Somalia's Al-Qaida-linked rebels said there would be no negotiations with the gunmen who killed at least 30 people in a Nairobi shopping mall on Saturday and were now involved in a standoff with Kenyan security forces.
"The Kenyan govt (government) is pleading with our Mujahideen inside the mall for negotiations. There will be no negotiations whatsoever at iWestgate," the al Shabaab militant group said on its official Twitter handle, referring to the mall where the attack happened.
The attackers remained inside and firing subsided as military surrounded the mall hours after the attack. People continued to trickle out from hiding places within the Westgate mall, which is frequented by expatriates and rich Kenyans in Nairobi's affluent Westlands neighborhood.
The Qatar-based news network Al Jazeera said the Somali Islamist militant group Al-Shabbab had told the channel that it had carried out the attack.
Somali's rebel group al-Shabab vowed in late 2011 to carry out a large-scale attack in Nairobi in retaliation for Kenya's sending of troops into Somalia to fight the Islamic insurgents.
The Westgate mall, with shops like Nike, Adidas and Bose, has Israeli ownership, and security personnel have in the past identified the mall as a likely terror target in the city. Haaretz spoke on the phone with one of the Israeli owners, Alex Trajtenberg, who confirmed he is a partner in the mall but declined to comment further.
Officials in the Israeli foreign ministry said that three Israeli citizens that were in the mall at the time of the attack were able to escape unharmed and were collected by the Deputy Israeli Ambassador to Kenya Yaki Lopez and the embassy security officer that were present on the scene.
Two Israeli men that managed to escape on their own and an Israeli woman that hid in one of the businesses and was rescued by the local security forces. A senior official at the foreign ministry said that the families of the Israelis that escaped the incident were informed. The ministry said that beyond these persons it is believed that no other Israelis were present.
"They asked people 'Are you a Muslim?' and anyone who answered 'no' got a bullet," Moshe Noiman, an Israeli living in Nairobi, who witnessed the terrorist attack described what he had seen to Channel 10 news.
Gilad Milo, an Israeli who witnessed the shooting, told Channel 2 News: "All the Israelis were evacuated from the place as far as we know… It was a very difficult day for us. It is a very difficult day for us. It is a very popular spot in the city. We go to that mall all the time."
Elijah Kamau, who was at the mall at the time of the midday attack, said that the gunmen made a declaration that non-Muslims would be targeted.
"The gunmen told Muslims to stand up and leave. They were safe, and non-Muslims would be targeted," he said.
Jay Patel, who sought cover on an upper floor in the mall when shooting began, said that when he looked out of a window onto the upper parking deck of the mall he saw the gunmen with a group of people.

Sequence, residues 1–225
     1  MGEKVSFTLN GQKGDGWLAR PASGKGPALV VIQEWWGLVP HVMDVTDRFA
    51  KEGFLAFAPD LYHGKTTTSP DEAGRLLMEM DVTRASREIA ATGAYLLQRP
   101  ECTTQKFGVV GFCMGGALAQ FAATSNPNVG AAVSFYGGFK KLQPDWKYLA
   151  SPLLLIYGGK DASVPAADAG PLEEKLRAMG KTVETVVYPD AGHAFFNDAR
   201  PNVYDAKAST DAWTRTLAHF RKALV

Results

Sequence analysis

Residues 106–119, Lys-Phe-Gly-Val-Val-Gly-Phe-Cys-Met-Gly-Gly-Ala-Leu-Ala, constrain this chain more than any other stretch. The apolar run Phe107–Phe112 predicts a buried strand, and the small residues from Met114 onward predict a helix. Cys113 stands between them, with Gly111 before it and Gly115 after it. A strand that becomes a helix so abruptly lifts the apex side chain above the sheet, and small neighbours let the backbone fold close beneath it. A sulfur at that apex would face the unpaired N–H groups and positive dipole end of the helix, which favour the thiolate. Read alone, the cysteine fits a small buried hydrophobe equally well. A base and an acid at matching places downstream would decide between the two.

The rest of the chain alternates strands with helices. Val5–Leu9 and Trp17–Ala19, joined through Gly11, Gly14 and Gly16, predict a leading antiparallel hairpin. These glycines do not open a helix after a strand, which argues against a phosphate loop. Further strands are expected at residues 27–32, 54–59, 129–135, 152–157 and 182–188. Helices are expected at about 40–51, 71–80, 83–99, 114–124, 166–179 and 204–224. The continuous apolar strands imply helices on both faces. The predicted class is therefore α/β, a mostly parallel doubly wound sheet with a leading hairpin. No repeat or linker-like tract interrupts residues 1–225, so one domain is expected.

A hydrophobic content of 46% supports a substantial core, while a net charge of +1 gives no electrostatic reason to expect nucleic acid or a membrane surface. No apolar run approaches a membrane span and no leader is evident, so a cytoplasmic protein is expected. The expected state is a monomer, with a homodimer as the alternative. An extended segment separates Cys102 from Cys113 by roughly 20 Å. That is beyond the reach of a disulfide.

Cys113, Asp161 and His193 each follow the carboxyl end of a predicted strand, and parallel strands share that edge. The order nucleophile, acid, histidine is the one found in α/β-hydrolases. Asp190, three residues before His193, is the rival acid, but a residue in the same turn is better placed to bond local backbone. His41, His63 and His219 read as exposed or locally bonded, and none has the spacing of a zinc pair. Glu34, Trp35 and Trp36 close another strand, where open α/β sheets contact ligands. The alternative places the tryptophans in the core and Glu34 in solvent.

Patel said that as the attackers were talking, some of the people stood up and left and the others were shot.
The gunmen carried AK-47s and wore vests with hand grenades on them, said Manish Turohit, 18, who hid in a parking garage for two hours.
"They just came in and threw a grenade. We were running and they opened fire. They were shouting and firing," he said after being marched out of the mall in line with about 15 people who held their hands in the air.
Rob Vandijk, who works at the Dutch embassy, said he was eating at a restaurant inside the mall when attackers lobbed hand grenades inside the building. He said gunfire then burst out and people screamed as they dropped to the ground.
It appears the attack began at the outdoor seating area of Artcaffe – an Israeli-owned cade at the front of the mall, witnesses said.
Patrick Kuria, an employee at Artcaffe, said: "We started by hearing gunshots downstairs and outside. Later we heard them come inside. We took cover. Then we saw two gunmen wearing black turbans. I saw them shoot."
Some people were shot at the entrance to the mall after volleys of gunfire moved outside and a standoff with police began. Ambulances continued to stream in and out of the mall area, ferrying the wounded who gradually emerged from hiding inside the mall.
People clutched their small children, and some cried. At one point in the day mall guards used shopping carts to wheel out wounded children.
A local hospital was overwhelmed with the number of wounded being brought in hours after the attack, so they had to divert them to a second facility.
In 2002, eleven Kenyans and three Israelis were killed when suicide bombers rammed a four-wheel-drive vehicle laden with explosives into a Mombasa hotel. Moments before the hotel blast, two missiles fired from rocket launchers narrowly missed hitting an Arkia Airlines jet carrying more than 270 Israeli passengers and crew as it took off from Mombasa
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